IT has taken a lot of flack in recent years as the CMO will hold more IT budget than the CIO war of words rages on. I’ve expressed my own view that leaving IT behind is a huge risk for marketing. IT is evolving by adapting enterprise architecture to suit new business and customer demands. This post looks at five ways this is being achieved:
1. IT with Innovation
Allstate Insurance were recognised by Forrester and Penn State University for developing a pattern of working and building IT platforms that aided innovation. This enabled the business to execute ideas faster, have earlier visibility of problems and establish ways of working with IT.
This gets my gold star!
One of the big reasons for the IT/Marketing divide is the perceived speed at which IT can support business change. By creating an environment and processes that support rapid prototyping, Allstate is in a great position to build new business models, communications platforms and products for their customers.
2. Customer Focussed IT
This next example shows what can happen when IT focuses on the real customer as opposed to internal customers. Australia Post achieved this by building a layer of business and technical architecture designed to serve the customer and store their data. This architecture was then communicated broadly to the organisation to ensure everyone was aware of the possibilities.
Digitisation of key products has been the result of this change in architecture ensuring that Australia Post has a bright future ahead.
It takes real commitment to take on a major reform of IT in this way. Changing business processes, as well as rebuilding the technology is no small task. What really sets this case apart though is the time that was spent educating internal consumers of the service on what was possible.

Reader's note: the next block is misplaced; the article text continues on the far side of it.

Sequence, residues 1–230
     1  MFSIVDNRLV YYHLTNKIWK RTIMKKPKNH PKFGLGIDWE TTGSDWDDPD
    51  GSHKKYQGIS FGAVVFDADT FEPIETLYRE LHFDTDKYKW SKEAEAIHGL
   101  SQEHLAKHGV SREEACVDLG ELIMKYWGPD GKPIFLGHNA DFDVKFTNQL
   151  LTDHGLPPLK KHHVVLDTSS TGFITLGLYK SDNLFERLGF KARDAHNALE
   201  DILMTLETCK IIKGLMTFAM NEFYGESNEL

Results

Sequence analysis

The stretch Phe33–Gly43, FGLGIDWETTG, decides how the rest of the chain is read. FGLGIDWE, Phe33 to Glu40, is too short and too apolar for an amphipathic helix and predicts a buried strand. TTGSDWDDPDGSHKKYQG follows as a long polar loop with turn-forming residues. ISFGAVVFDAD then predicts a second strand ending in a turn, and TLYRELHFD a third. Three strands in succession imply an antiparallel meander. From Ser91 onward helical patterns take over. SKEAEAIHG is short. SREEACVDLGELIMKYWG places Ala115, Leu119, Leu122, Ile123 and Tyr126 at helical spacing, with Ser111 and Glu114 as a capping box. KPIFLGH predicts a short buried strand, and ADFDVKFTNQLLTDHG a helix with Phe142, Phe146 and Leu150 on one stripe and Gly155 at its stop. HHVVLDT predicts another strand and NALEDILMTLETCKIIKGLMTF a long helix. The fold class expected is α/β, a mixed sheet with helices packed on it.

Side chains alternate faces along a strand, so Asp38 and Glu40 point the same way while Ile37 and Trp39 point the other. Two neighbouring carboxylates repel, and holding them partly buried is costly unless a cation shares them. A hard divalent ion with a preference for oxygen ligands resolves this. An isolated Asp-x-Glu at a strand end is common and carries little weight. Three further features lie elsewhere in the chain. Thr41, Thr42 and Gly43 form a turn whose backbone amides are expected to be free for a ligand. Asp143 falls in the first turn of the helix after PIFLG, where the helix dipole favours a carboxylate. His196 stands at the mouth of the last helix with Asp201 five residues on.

3. Experience Architecture – Not Enterprise Architecture
State Farm have recognised that their customers want to connect with them at their convenience on a channel of their choice. To work with this new customer, State Farm created a business unit called Experience Architecture to set out the patterns and tooling for business and IT projects.
For me Experience Architecture is an overlooked business need. With the multitude of channels available and the always on nature of business, their needs to be a way of standardising experiences. Doing this fulfils several needs. Firstly it prevents the creation of weak channels when integration is only half done. Secondly it ensures that no new silos of data and functionality are created.
4. Experience and Marketing Middleware
This is a growing area of IT architecture. Marketing or experience middleware is finding a use case as marketing and IT teams discover that different elements of the customer experience need to brought together.
Twitter data needs combining with CRM. Email and web should deliver the same personalised message and offers. Mobile GPS location should trigger real-time SMS.
There’s a further consideration for the business which is to avoid lock in to single tech vendor. With so many “marketing clouds” reportedly providing the full suite of tools a marketer could dream of, there is a real concern that a single provider might not be a good idea. Marketing middleware enables businesses to select best of breed solutions and then integrate them in the way they choose.